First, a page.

LONDON: Russia continued to attract sporting sanctions following its invasion of Ukraine but Russian and Belarusian athletes who have gathered in Beijing for the Winter Paralympics earned a reprieve on Wednesday as they have been allowed to compete — albeit as neutrals.
The Winter Paralympics begin on Friday and the International Paralympic Committee (IPC) decided that Russian and Belarusians will compete without their country’s flag — a decision that was slammed by other countries.
Other sports bodies which have so far let Russians and Belarusians keep competing as neutral athletes include FINA, which governs swimming and other aquatic sports, and the federations for boxing, gymnastics, fencing and judo.
Britain condemned the IPC’s decision while the United States Olympic & Paralympic Committee said they were “disappointed” with the outcome. Canada said they wanted to review the membership status of Russia and Belarus in the IPC.
The athletes of Ukraine and the Global Athlete group, an international athlete-led pressure body, were left fuming, saying many Russian Olympians and Paralympians are members of the Russian military.
“Sports administrators are choosing bloodshed and profits over principle and stakeholders,” their joint statement read.
The European Olympic Committees (EOC), however, said Russian and Belarus athletes and officials will not participate in the 2022 Winter European Youth Olympic Festival to be held in Vuokatti, Finland, from March 20-25.
“In order to safeguard the well-being of such young athletes, as well as protect the integrity of the event, the EOC believes Russian and Belarusian athletes should not compete in Vuokatti in any capacity,” it said.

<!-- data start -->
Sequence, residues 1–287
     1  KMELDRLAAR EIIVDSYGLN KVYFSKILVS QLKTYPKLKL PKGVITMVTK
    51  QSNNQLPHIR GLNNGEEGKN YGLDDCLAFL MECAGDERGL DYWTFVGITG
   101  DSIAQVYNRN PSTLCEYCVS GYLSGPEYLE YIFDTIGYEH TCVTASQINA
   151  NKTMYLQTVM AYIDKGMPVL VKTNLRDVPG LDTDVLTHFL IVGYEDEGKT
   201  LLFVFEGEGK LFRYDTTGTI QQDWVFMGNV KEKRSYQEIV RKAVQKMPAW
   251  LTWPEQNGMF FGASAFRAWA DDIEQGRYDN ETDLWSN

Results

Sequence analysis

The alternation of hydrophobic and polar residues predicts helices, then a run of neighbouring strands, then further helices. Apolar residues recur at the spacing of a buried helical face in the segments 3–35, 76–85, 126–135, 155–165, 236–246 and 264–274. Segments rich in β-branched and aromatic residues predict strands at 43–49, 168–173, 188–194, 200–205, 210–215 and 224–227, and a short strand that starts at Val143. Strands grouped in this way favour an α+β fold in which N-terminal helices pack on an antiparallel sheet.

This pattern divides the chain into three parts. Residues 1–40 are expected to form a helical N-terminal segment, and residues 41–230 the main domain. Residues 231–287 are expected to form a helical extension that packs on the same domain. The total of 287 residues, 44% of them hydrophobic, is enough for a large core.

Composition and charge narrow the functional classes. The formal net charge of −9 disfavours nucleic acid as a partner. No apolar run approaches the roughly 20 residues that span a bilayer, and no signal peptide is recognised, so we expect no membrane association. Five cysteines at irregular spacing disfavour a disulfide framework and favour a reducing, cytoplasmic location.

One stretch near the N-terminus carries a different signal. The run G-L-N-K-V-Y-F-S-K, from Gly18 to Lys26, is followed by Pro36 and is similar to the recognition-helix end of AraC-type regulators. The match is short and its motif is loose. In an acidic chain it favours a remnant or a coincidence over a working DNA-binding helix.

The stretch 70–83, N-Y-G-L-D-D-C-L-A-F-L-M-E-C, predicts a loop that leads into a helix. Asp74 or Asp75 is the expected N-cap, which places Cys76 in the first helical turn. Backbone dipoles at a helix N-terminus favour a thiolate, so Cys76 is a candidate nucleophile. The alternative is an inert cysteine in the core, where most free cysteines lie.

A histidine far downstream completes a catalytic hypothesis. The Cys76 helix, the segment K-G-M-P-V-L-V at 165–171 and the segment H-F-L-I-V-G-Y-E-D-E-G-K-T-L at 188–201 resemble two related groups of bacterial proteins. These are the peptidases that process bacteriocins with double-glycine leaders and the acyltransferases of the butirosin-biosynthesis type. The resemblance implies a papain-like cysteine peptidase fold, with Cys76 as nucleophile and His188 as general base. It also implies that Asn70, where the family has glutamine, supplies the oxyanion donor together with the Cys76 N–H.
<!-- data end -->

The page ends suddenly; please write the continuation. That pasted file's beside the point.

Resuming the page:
Since the start of what Russian President Vladimir Putin has called “a special military operation” last week, Russian and Belarusian teams and athletes have found themselves frozen out from international competitions across sports.
Belarus has been a key staging area for Russia’s invasion of Ukraine.
Sports including biathlon and table tennis were among those to join more than a dozen other Olympic sports in excluding competitors from Russia and Belarus because of the invasion of Ukraine.
The restrictions have been strongly criticised by Russian politicians and on Wednesday by striker Artem Dzyuba, the top scorer for the Russian national football team.
Dzyuba wrote on Instagram that he is against any war. “War is terrible but said he found sporting sanctions a form of discrimination. I am against discrimination based on nationality. I’m not ashamed to be Russian. I am proud to be Russian. And I don’t understand why athletes have to suffer now.”
Motorsport’s governing body FIA had said Russian and Belarusian drivers could still take part in its competitions in a neutral capacity but Motorsport UK banned license holders from both countries from racing in Britain.
That decision will affect Formula One driver Nikita Mazepin who will not be able to race for the Haas F1 Team in the British Grand Prix on his Russian license.